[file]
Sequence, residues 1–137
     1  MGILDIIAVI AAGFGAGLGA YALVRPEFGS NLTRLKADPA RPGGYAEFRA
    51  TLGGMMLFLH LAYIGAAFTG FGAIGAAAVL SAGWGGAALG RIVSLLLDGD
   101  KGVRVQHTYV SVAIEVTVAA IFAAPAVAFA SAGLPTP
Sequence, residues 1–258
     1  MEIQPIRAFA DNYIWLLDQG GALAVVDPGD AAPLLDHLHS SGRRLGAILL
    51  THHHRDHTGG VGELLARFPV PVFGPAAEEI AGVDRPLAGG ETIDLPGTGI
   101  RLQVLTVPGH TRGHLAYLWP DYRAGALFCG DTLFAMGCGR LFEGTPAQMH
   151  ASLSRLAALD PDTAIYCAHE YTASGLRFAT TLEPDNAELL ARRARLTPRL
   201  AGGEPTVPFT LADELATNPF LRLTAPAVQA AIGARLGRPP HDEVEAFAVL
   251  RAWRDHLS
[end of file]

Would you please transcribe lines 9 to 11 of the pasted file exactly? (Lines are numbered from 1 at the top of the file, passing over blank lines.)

   151  ASLSRLAALD PDTAIYCAHE YTASGLRFAT TLEPDNAELL ARRARLTPRL
   201  AGGEPTVPFT LADELATNPF LRLTAPAVQA AIGARLGRPP HDEVEAFAVL
   251  RAWRDHLS